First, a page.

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How to Write a Successful CV
A good CV will bring you one step closer to landing your dream job. While your cover letter will outline why you want the job, your CV will show that you’re right for the job through your work experience, education, and more.
A CV (which stands for curriculum vitae, and can sometimes be referred to as a resume) is the document which details your accomplishments leading up to your current job application.
In this guide, find out how to write an excellent CV that will improve your chances of getting hired into a UK job.
1. Research the relevant job market
Rather than start your CV from scratch, there are a few quick ways to speed up the process – and improve your CV greatly.
The first is to research your job market, and find out what employers are looking for:
- Search for your desired job role
- Look through relevant adverts to find out what the requirements are
- Use these requirements as a guide for what to include in your CV
You can also use CV templates to improve the format of your CV.
We will be bringing out many industry-related templates in the near future. These will ensure you include the right key words, values, and personal qualities for your job sector.
2. Structure your CV properly
With recruiters and HR executives looking through many, many CVs, it’s important yours doesn’t fall down at the first hurdle.
How long should my CV be?
Ideally, a CV is no longer that two pages of A4 paper. If you’re applying for a specialist role, this could stretch to three, but the best CVs are kept short.
What should be included in my CV?
Your CV should be include these six essential points, and be displayed in this order:
- Full name
- Contact details: phone number, email address
- Personal statement: a few sentences summarising who you are, and what you’re looking for in a job
- Key skills and attributes: here you should highlight your best and most relevant skills for the job you’re applying for
- Professional experience: detail your past jobs and work experience
- Education: provide a list of your education history and grades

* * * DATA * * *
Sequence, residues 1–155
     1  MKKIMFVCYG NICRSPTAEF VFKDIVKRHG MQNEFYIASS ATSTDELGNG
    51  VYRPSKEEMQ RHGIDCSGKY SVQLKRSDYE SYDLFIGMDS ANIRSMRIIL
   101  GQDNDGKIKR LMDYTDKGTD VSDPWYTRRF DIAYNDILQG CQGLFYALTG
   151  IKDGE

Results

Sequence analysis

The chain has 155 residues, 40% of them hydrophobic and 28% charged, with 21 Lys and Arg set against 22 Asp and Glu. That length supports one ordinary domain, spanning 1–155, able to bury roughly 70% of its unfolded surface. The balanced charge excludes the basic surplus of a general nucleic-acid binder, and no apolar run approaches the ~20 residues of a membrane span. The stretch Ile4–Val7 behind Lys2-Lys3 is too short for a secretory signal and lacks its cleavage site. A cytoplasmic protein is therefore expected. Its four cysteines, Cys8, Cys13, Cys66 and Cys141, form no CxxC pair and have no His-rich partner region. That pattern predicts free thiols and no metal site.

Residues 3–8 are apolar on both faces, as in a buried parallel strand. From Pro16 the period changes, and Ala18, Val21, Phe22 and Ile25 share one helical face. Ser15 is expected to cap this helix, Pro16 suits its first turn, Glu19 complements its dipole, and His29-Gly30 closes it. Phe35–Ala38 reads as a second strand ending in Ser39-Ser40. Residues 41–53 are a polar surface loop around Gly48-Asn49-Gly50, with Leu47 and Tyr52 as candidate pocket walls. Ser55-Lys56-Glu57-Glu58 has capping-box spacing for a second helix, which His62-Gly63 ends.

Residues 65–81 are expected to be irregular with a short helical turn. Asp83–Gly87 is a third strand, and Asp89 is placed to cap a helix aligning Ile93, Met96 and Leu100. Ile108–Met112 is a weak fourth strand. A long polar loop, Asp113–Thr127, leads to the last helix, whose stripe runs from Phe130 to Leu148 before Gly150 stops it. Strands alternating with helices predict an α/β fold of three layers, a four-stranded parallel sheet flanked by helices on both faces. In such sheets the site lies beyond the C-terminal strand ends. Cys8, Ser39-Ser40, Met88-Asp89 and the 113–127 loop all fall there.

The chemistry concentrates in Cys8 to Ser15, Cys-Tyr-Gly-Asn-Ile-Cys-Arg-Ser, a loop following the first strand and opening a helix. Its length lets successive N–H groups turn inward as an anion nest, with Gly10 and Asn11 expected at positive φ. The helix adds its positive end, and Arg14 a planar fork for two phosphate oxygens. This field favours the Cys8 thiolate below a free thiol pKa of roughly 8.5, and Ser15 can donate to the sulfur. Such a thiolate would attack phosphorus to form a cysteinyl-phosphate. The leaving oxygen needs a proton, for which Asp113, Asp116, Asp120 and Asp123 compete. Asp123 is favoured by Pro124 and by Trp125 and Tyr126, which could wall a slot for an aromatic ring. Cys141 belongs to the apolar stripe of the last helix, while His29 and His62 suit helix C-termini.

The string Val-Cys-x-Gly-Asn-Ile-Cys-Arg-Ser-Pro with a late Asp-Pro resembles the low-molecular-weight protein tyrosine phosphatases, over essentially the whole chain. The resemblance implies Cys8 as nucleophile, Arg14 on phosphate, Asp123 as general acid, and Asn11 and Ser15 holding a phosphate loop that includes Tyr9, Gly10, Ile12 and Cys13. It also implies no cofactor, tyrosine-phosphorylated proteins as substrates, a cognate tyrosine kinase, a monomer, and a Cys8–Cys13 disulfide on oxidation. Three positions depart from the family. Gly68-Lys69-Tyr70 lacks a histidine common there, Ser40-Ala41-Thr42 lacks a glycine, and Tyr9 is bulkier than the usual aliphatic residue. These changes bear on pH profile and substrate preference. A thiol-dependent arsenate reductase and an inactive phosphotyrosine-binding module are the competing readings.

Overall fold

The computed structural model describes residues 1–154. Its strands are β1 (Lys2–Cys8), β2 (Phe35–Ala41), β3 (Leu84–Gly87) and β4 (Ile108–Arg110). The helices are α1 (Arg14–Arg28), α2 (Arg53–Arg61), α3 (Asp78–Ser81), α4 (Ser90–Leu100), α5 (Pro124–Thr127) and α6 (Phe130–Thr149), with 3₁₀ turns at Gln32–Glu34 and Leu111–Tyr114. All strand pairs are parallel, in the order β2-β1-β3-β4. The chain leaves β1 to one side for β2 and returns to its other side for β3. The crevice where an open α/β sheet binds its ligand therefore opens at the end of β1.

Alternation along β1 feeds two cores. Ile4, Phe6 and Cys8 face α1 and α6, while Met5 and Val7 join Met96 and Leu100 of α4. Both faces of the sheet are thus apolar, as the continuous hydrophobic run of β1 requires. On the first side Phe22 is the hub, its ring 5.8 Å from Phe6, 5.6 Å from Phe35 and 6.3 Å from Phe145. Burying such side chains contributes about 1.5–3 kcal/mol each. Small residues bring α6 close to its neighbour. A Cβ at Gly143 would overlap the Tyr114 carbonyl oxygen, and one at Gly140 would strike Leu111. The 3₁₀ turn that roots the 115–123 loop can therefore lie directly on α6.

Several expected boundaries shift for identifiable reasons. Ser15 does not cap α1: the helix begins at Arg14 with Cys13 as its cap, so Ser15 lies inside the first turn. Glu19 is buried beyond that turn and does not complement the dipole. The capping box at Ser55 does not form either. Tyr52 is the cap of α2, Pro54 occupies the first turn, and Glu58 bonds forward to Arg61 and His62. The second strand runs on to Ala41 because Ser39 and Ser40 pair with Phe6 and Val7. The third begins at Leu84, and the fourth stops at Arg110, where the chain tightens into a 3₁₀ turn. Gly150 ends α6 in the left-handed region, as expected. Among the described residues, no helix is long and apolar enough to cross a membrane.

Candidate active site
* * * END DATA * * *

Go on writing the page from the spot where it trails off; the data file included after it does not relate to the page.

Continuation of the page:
If you would like to add more information about yourself, consider adding the following:
- Awards and career highlights
- Volunteering and causes
Not all CVs need to include these extra elements, so only choose to add these in when it’s relevant.
3. Only include relevant information
One of the simplest mistakes many jobseekers make is to include everything about themselves. This is a big mistake – employers and recruiters don’t have time to look over your entire life story!
You can make sure you include relevant information by:
- Highlighting your most recent work experience in detail
- Listing previous work experience without any detail
- Including your most important education – e.g. bachelor’s degree
- Adding any other relevant education – e.g. English Literature A-Level for a Publishing job
You should also ensure to explain any career gaps. If you worked for yourself, or went travelling, make sure you say so. And if you’ve been out of work, try to put a positive spin on it – did you take up any training or volunteer work?
4. Double check your CV
Once you’re done, it’s
time to send time to check it over!
Before you hit the print button (or send your CV over email), make sure you use all the tools available to avoid any mistakes.
When checking your CV, you should look for:
- Spelling mistakes
- Grammar mistakes
- Repeated words or phrases
- Messy formatting
- Errors in contact details
Not everybody has a masterful grip of the English language, but any form of mistake in your CV or cover letter may give the wrong impression to potential employers. You may seem slap-dash or that you didn’t spend adequate time applying for the job.
If you’re unsure or not confident with your CV or cover letter, we recommend using Grammarly, which is a great free tool that helps identify mistakes and tighten up your writing.
And if you’d like someone to give you additional advice, you could always get a Free CV Review from our partner, TopCV.
It’s time to send your application!
Make sure you have written a cover letter (even if the job advert doesn’t ask for one – it may give you an advantage) and an appropriate message when sending your application.
As a rule, try to use the same language that is included in the job advert. If it is formal, write formally – whereas if it is informal, you may also do the same.
Remember to update your professional profile
Whenever you update your CV, be sure to also update your professional profile online. That can include your LinkedIn profile, portfolio website (if you have one) and any social networks you use for business.
Pro tip: Use more than one CV
If you’re looking to improve your chances of getting to interview, you need to up your game and create more than one CV. In our guide to multiple CVs, we recommend changing up your CV for every job you apply for – or at the very least, for each job title or industry.
If you choose to have multiple CVs, you can manage them quickly and easily using the AdView Save CV function. Upload your CV (or multiple CVs) and keep them saved for future applications by following this simple guide:
- Register or log in to your AdView Account
- Go to the My CVs section via your Dashboard
- Click on Upload Your CV
You will be able to tell multiple CVs apart from their Label, Last Update, and Actions taken using them. Good luck with your job search!